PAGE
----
Inalienable human dignity applies to all individuals, and this brings the reader to the principle of individual responsibility. This may be my Evangelical Protestant/Anglican bias showing, but recognising the uniqueness and individuality of each person is evident in the Bible. Each of us has a certain gift, and so each of us are responsible in different ways. From this, conservatives should draw on the idea of individual responsibility, tempered by some collective duty, which too is Biblical. In one sense, the principle of individual responsibility is tied in a complementary manner to valuing morality, as there is an emphasis on personal accountability as to how well you follow Christian morals. In other words, it’s holding yourself to certain standards. Practising self-restraint with behaviour, to act according to what is right and wrong, is an act of taking individual responsibility. This value in particular is hard to encourage politically because of how it is about influencing people’s mindset. People have to be convinced that the moral system they are holding themselves to account to is worth following, and this will bring about individual responsibility in regards to morality. This may come about naturally as a hypothetical government that has read this article and agreed wholeheartedly tries to implement these values, and people recognise the virtue in them. Individual responsibility is not very controversial among conservatives, so I’ll move on to the more controversial topic; collective responsibility to altruism and charity, and whether this means we ought to be socialists.
My initial plan was to list out every argument, every talking point and each verse for why Jesus would have voted for Jeremy Corbyn or endorsed Steve Baker as leader of the Conservative Party. Having read articles by Huffpost, various smaller magazines and academics, Forbes, the Christian Socialism Institute and a video from Novara Media I will attempt to summarise what each side said, in short, and what the truth likely is. The articles in favour of portraying Jesus as favouring left-leaning economics surprised me by quoting scripture far more often than those arguing the contrary. Their arguments rested on scripture criticising wealth, the pursuit of wealth and greed, praising giving up private property and of course, the comparison of a camel going through a haystack to a rich man entering the Kingdom of God.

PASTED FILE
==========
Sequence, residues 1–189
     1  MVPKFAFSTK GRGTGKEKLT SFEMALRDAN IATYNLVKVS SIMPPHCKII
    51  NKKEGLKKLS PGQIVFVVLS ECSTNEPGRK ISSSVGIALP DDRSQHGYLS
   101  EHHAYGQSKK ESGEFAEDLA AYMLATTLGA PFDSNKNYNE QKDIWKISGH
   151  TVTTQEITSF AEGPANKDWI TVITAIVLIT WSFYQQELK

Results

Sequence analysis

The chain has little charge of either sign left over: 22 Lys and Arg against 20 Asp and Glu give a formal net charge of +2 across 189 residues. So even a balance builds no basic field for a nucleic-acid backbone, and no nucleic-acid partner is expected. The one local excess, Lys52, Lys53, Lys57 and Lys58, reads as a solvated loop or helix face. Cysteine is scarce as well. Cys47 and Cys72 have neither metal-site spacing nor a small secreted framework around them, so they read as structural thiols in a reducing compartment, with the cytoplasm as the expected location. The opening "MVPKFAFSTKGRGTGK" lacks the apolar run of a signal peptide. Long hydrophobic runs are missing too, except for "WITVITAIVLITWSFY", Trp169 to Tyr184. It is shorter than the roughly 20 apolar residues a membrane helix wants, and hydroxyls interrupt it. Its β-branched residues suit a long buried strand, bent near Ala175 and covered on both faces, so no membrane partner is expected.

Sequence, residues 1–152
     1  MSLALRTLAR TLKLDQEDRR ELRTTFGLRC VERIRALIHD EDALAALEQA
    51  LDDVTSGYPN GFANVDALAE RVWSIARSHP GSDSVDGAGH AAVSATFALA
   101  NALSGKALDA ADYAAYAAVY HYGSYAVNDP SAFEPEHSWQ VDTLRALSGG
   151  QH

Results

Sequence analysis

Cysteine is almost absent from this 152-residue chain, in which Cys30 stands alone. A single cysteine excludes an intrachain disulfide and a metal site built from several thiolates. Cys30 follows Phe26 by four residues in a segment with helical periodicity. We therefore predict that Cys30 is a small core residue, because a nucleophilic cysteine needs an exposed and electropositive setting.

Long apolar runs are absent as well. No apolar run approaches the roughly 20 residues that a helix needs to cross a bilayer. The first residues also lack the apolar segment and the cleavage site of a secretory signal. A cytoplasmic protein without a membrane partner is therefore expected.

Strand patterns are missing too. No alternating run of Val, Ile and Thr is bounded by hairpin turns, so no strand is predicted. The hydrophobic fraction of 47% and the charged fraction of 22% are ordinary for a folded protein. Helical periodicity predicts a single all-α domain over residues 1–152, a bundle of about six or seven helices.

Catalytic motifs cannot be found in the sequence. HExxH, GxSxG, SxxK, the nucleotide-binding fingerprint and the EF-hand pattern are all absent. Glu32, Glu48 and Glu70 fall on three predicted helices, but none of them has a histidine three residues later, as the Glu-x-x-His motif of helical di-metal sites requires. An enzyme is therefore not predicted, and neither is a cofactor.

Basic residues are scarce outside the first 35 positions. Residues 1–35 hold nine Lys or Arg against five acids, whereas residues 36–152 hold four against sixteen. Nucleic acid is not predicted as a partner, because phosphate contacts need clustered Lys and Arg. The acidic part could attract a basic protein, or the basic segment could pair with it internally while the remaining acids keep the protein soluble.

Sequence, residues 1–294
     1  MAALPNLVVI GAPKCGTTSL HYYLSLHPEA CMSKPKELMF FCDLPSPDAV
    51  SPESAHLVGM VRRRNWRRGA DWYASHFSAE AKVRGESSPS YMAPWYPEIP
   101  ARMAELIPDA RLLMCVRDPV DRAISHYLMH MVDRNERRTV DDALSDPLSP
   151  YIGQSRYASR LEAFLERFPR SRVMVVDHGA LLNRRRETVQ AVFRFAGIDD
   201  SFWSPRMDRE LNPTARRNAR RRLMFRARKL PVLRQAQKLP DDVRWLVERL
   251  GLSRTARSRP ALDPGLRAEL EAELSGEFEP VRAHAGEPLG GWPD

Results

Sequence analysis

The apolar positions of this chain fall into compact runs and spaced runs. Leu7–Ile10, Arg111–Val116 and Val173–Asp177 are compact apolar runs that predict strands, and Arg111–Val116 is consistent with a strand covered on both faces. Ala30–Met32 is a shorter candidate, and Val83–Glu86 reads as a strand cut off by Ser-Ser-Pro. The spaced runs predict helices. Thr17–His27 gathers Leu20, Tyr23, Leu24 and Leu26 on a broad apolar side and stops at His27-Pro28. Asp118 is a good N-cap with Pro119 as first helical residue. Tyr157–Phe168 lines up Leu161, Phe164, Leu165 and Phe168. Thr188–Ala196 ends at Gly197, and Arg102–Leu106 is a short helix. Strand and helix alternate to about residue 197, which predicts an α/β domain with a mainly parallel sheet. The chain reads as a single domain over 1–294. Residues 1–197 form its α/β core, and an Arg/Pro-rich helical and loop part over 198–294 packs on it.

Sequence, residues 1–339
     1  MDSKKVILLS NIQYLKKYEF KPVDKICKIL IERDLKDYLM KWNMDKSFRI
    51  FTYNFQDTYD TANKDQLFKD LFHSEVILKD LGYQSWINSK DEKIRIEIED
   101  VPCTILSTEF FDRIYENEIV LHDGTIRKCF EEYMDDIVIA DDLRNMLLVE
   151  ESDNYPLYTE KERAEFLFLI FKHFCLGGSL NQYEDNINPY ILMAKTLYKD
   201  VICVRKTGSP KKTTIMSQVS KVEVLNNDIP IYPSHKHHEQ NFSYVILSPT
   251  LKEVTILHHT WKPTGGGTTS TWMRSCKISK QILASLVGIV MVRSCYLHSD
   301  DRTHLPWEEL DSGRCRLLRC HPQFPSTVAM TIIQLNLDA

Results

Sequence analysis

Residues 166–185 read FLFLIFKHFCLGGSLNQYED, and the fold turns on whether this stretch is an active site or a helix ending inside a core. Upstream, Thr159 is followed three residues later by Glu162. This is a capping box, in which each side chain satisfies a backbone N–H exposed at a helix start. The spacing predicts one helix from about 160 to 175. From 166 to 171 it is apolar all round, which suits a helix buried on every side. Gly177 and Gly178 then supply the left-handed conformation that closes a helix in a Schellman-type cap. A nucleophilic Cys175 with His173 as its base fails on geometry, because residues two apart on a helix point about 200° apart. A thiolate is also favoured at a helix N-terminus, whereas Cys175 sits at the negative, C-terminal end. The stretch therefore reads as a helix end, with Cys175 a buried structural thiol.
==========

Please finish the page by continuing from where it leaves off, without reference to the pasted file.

From those against the idea Jesus was a socialist or economic progressive, almost every article started by saying socialism did not exist at the time of Jesus Christ, and most mentioned that Jesus was against coercive force. As taxes and government intervention is ultimately supported by coercive force, Jesus would have disapproved. Notably, it was said that helping the poor in a Biblical context has to be voluntary, and an act of charity, not an act of state-sponsored wealth redistribution. Talks of giving up private property were stated to be not an act of collectivisation, but strictly voluntary acts of altruism.
Forbes writer Bill Flax, his biases aside, reflect the view I concluded with very well by saying “I’m a capitalist and you might be socialists. Christians can be both, but Christ was neither. He was the Author and Finisher of faith”. As stated earlier on in this article, I am attempting to take religious texts and apply them to politics in the form of values/principles, so naturally there is friction between trying to translate commands over personal conduct into government policy. What leftists trying to say Jesus was a socialist get wrong is that Jesus did not call for mass wealth redistribution, but rather called for altruism and to reject the idea that wealth was important. He called for prioritising your spiritual self; to say He was calling for socialism would be to forget that Jesus is a religious figure with spiritual concerns. Likewise, what many capitalists get wrong is that Jesus had a strong concern for the poor, and strongly criticised the accumulation of wealth for wealth’s sake, and of course he encouraged giving to the poor. So, what Christian principle can one develop from this?